• All nodes in the tree follow the property that they are greater than their children for example the largest element is at the root and the two its children and smaller than the root, etc. Such a heap is known as a maximum heap. In the event that all things considered, all nodes are smaller than their children, it is known as a min-heap

The accompanying example diagram shows Max-Heap and Min-Heap.

To learn more about it, please visit Heap Data Structure.


How to “heapify” a tree

Beginning from a complete binary tree, we can alter it to turn into a Max-Heap by running a function called heapify on all the non-leaf elements of the heap.

Since heapify uses recursion, it can be hard to grasp. So Let’s first consider how you would heapify a tree with just three elements.

heapify(array)
    Root = array[0]
    Largest = largest( array[0] , array [2*0 + 1]. array[2*0+2])
    if(Root != Largest)
          Swap(Root, Largest)

The example above shows two situations – one in which the root is the largest element and we don’t have to do anything. What’s more, another wherein the root had a larger element as a child and we expected to swap to keep up max-heap property.

In case you’re worked with recursive algorithms before, you’ve presumably recognized that this should be the base case.

Presently let’s think about another situation in which there is more than one level.

The top element isn’t a maximum heap however all the sub-trees are max-heaps.

To keep up the maximum heap property for the whole tree, we should continue to push 2 downwards until it arrives at its correct position.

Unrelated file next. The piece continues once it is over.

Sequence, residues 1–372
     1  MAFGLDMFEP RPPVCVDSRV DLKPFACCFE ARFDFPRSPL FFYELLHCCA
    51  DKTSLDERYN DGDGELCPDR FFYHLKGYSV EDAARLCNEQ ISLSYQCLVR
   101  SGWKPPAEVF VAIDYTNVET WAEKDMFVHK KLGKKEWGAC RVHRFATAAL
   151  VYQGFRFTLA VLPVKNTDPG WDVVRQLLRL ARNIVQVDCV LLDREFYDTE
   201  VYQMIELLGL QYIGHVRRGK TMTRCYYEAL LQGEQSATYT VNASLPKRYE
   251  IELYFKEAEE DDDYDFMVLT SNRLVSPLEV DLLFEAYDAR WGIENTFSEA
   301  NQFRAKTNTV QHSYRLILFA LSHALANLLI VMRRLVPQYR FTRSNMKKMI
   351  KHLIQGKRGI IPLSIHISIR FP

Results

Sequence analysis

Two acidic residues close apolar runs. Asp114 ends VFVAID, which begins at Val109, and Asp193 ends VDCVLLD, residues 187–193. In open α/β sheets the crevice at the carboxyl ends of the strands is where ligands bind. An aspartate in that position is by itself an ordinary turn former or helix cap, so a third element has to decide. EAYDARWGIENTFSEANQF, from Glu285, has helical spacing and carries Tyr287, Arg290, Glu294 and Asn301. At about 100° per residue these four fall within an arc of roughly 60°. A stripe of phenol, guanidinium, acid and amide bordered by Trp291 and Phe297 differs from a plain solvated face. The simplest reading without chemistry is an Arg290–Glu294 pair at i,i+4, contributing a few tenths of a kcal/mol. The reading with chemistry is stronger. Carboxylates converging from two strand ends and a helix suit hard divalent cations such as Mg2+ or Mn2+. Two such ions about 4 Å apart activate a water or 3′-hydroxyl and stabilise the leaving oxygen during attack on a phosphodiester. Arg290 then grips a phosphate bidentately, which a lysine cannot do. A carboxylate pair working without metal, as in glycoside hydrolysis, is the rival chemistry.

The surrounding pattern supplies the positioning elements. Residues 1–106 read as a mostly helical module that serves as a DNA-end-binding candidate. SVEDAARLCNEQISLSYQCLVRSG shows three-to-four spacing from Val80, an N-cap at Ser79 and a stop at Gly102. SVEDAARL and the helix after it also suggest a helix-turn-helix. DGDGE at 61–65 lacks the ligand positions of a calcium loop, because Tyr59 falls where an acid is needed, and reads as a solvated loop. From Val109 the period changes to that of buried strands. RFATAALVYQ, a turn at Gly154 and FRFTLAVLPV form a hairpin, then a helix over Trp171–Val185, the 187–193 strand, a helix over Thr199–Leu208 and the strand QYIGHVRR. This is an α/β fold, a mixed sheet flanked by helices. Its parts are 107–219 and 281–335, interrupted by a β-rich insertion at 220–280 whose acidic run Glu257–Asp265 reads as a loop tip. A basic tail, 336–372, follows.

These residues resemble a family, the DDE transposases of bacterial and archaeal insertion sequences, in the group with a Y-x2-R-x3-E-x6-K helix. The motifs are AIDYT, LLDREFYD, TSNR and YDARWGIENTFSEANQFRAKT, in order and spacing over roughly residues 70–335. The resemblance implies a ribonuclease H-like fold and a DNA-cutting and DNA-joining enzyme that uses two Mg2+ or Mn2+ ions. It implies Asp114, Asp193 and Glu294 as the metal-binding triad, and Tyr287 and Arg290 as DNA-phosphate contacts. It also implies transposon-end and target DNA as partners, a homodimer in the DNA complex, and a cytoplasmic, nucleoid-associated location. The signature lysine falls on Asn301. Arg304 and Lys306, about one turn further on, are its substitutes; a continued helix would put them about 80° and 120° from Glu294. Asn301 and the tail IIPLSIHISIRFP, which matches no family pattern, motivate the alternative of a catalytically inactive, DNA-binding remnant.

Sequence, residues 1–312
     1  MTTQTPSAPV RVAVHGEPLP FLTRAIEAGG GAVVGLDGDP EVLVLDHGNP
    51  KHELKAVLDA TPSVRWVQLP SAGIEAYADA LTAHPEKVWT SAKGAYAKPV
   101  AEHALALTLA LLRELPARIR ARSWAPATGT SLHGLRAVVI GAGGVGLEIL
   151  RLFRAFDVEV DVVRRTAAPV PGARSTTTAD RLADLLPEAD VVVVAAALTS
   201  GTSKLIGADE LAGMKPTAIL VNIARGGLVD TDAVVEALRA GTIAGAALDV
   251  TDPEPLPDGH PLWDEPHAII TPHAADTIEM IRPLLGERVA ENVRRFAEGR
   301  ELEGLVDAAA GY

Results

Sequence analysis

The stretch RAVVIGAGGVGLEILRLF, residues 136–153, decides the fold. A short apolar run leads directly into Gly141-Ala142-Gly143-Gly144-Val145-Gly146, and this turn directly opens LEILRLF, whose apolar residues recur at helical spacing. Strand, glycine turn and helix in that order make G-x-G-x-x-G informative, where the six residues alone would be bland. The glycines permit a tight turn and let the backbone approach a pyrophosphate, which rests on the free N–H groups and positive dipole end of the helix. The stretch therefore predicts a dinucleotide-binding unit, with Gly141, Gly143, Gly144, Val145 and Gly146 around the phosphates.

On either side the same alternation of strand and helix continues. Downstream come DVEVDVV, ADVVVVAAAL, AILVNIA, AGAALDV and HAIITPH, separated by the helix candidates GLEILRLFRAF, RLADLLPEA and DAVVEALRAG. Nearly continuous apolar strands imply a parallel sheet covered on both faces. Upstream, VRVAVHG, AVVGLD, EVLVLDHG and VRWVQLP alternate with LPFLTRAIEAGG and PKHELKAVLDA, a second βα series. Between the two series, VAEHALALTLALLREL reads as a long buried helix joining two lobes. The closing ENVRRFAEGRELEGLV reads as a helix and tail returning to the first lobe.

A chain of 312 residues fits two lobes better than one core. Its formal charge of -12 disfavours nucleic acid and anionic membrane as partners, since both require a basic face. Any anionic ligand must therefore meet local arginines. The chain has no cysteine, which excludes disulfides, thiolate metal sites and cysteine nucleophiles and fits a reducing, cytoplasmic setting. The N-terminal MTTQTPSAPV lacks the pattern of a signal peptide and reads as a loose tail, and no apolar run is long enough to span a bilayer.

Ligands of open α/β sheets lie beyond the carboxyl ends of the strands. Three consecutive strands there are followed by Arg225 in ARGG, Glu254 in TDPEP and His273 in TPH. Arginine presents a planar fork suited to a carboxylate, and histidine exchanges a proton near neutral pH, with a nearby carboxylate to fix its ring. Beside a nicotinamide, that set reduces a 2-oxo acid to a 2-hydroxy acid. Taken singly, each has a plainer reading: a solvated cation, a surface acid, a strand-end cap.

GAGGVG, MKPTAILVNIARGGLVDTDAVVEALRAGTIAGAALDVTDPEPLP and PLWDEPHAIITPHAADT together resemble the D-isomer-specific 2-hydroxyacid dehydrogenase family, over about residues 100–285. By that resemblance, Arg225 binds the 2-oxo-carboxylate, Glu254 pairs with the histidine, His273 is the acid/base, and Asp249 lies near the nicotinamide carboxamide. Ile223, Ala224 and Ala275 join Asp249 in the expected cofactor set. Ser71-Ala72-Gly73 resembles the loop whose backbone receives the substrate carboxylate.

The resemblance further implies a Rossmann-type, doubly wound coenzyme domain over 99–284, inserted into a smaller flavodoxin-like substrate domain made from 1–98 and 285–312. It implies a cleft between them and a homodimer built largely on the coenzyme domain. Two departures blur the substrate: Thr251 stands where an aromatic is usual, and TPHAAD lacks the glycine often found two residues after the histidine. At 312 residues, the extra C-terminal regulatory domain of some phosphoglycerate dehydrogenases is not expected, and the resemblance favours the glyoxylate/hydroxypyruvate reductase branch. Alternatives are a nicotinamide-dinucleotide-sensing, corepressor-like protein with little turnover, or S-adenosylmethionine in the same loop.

Accordingly, to keep up the maximum heap property in a tree where both sub-trees are max-heaps, we need to run heapify on the root elements over and over until it is larger than its children or it turns into a leaf node.

We can combine both these conditions in one heapify function as

void heapify(int arr[], int n, int i) {
  // Find largest among root, left child and right child
  int largest = i;
  int left = 2 * i + 1;
  int right = 2 * i + 2;

  if (left < n && arr[left] > arr[largest])
    largest = left;

  if (right < n && arr[right] > arr[largest])
    largest = right;

    // Swap and continue heapifying if root is not largest
    if (largest != i) {
      swap(&arr[i], &arr[largest]);
      heapify(arr, n, largest);
  }
}

This function works for both the base case and for a tree of any size. We would thus be able to move the root element to the correct position to keep up the maximum heap status for any tree size as long as the sub-trees are max-heaps.


Build max-heap

To assemble a maximum heap from any tree, we would thus be able to begin heapifying each sub-tree from the base up and end up with a maximum heap after the function is applied to all the elements including the root element.